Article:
7. J.D

    J.D Supporting Member Forum Supporter

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    Hi
    You can tell from reading your posts that you are very stressed by the situation and that is probably being transferred to your pup. I notice your photo is still of your old dog that you said died suddenly. I may be wrong but you may still be grieving for the well behave adult dog you lost and are finding a young boisterous puppy all too much.
    It’s a really busy time of year for everyone with lots of new smells/visual temptations activities for an already hyped up young pup.
    I looked back on my old photos to remind myself what a 14 week old pup looks like. Of course Toby looks like an angel in all those photos but I also saw my husbands hands that were covered in scratches where he was whipping his hands away in frustration every time the teeth came out. There was something about the stress in his manner that made him a target for Toby’s excitement.
    I hope someone else will give you the right tools but they can still be picked up at this stage. Removed Molly to a quiet space when she gets over excited but do it calmly and bring her back when she is calm with lots of praise.
    You may find a one to one positive reinforcement trainer more helpful than a group class and you have a long long time before the new baby and Molly will be interacting.
    Good luck and try to enjoy her.
     
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  8. RandM

    RandM Registered Users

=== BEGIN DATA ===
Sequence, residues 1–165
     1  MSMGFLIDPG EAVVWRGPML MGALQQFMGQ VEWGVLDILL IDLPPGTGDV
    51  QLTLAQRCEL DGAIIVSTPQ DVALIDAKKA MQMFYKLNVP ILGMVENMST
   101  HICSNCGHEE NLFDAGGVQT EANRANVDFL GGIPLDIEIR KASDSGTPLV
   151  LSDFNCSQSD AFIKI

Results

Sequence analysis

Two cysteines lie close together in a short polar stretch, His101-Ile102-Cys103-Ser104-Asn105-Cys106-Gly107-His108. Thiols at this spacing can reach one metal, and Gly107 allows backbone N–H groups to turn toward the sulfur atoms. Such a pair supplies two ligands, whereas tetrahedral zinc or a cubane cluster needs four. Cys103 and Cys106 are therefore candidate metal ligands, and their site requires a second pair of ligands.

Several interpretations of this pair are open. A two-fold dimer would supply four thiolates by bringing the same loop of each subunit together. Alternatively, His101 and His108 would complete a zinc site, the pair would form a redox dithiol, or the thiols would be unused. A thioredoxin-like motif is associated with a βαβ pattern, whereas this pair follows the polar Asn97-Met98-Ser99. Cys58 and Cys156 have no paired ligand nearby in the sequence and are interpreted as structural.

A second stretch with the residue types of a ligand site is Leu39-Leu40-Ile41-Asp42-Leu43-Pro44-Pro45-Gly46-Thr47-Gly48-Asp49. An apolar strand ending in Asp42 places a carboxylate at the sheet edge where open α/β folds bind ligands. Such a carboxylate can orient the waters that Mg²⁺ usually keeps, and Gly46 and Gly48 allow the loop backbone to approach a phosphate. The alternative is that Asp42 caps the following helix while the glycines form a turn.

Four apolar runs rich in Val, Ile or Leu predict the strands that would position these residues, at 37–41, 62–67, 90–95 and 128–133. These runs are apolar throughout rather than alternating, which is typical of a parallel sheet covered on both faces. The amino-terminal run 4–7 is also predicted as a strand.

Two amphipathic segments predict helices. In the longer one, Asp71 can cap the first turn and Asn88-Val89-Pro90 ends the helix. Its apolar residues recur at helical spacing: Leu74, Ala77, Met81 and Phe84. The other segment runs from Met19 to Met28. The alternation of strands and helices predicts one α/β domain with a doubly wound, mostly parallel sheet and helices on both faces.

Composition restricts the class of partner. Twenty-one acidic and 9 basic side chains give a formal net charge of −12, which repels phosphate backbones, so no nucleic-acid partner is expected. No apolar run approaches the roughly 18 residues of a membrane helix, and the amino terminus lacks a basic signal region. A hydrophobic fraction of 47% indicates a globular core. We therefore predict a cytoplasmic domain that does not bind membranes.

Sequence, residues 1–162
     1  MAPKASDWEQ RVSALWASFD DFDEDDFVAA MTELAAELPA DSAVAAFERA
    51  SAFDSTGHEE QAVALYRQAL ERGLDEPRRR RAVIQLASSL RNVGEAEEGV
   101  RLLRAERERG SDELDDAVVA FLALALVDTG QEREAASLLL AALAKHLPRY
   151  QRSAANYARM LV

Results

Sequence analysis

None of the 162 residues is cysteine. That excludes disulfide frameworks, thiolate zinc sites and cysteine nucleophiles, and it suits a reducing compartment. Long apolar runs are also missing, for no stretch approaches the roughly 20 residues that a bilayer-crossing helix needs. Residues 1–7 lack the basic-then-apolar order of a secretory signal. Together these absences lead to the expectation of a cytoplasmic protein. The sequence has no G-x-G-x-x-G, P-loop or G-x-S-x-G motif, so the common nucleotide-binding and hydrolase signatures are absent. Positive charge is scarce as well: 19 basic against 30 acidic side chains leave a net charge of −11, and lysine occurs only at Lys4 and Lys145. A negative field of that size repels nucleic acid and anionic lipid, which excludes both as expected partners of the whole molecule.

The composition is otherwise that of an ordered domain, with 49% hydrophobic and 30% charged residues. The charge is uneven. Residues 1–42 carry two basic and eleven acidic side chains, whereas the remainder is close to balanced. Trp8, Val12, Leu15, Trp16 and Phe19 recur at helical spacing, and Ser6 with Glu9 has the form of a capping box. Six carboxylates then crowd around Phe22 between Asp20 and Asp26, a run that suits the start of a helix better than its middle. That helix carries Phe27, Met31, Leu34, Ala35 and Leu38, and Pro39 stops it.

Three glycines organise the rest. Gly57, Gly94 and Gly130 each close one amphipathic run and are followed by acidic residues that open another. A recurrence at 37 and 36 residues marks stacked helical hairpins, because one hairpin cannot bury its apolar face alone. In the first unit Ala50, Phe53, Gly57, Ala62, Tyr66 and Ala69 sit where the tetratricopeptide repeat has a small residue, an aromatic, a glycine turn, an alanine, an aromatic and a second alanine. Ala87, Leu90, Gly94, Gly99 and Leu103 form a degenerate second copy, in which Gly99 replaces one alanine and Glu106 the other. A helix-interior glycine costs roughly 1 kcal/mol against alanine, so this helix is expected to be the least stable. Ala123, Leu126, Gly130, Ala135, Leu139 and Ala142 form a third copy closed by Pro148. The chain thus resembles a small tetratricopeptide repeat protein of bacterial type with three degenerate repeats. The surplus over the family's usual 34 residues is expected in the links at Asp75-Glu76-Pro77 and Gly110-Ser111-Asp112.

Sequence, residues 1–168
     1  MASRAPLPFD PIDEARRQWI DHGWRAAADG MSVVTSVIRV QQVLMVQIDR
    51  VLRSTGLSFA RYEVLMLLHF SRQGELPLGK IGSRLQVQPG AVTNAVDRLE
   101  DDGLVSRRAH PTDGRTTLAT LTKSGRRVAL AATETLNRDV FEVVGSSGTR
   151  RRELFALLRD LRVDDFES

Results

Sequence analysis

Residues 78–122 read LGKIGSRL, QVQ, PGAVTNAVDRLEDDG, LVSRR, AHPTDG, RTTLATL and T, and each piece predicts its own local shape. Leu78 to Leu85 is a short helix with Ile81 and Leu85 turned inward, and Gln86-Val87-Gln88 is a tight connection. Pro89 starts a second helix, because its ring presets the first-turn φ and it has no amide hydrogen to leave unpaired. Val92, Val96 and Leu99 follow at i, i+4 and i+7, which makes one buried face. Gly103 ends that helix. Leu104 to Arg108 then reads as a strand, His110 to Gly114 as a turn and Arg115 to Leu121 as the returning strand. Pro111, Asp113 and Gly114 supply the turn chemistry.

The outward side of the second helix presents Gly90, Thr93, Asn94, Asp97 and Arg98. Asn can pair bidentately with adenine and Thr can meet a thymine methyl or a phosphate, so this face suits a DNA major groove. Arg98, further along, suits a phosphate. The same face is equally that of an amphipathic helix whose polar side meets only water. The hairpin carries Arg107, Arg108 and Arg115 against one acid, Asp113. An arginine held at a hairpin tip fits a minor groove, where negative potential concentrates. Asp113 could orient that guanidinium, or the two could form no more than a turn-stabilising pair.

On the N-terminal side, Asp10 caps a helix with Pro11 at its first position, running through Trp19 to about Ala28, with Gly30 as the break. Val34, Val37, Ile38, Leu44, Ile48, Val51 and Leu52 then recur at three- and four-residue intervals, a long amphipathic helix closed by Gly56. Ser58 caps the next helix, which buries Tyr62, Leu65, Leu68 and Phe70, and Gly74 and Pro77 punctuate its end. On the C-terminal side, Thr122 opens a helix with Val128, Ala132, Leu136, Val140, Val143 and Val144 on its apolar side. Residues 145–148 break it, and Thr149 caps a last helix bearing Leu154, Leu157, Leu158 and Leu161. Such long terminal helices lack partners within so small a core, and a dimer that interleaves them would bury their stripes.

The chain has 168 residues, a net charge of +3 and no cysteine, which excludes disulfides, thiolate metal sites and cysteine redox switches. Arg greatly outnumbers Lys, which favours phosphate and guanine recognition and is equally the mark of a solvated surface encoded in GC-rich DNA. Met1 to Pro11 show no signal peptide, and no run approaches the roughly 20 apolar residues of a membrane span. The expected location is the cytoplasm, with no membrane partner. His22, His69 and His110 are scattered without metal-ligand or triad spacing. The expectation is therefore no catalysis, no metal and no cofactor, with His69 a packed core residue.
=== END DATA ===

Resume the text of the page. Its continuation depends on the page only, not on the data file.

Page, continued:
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    Thank you, J.D. You’re very perceptive. Yes, life is super stressed right now, plus I’m sick with a bad cold. And yes, it’s hard to let go of Bella. I’ve looked at that avatar many times in the past month and would love to switch it out with Molly’s beautiful little face, but I don’t want it to seem like I’m replacing Bella with Molly. Molly is her own little self with a completely different personality - maybe I’ll find a way to make an avatar that shows them both. Anyway, after I posted yesterday I looked up info on “aggressive” puppies - because I called it that - and I realized she’s really just wanting to play. She isn’t snarling or curling her lips back, showing her fangs. She’s just wound up. Hubby finally found a way to install a baby gate in our open floorplan home yesterday, so I now have a way to separate her from us when she’s too wild without having to shut her behind a door (which elicits lots of barking and whining). This morning she was on my lap, being semi-calm but still wanting to nip at my hands. I told her “No bites” and gently held her under her chin and started stroking her in front of her ears, and she would open her mouth and reach for my hand, and I would say “No bites” and stop stroking. So she’d pull back, and then I’d put my hand near her nose again and she’d tentatively lick me and I’d say “YES! Good girl”, and scratch her ears. And then she’d try another bite and I just kept up with the different responses - “No bites” and withdrawing my touch when the teeth came out, and praise and scratches for the licks. I don’t know whether that’s what I should have done or not, but it felt right and she seemed to be experimenting with how to get the right response. Since then she’s gone for my legs a couple times, but today she’s backing off when I say “No bites” instead of continuing to lunge at me, and I realized it’s the feeling of her being out of control that scares me. When she responds to my voice, even just to back off for a second, my perspective changes and she responds. I believe she will one day be a “fine animal” (like Stonnie says). I won’t give up on her, but I really wanted to thank you (and everyone) for walking me through this. I just really want to do right by her.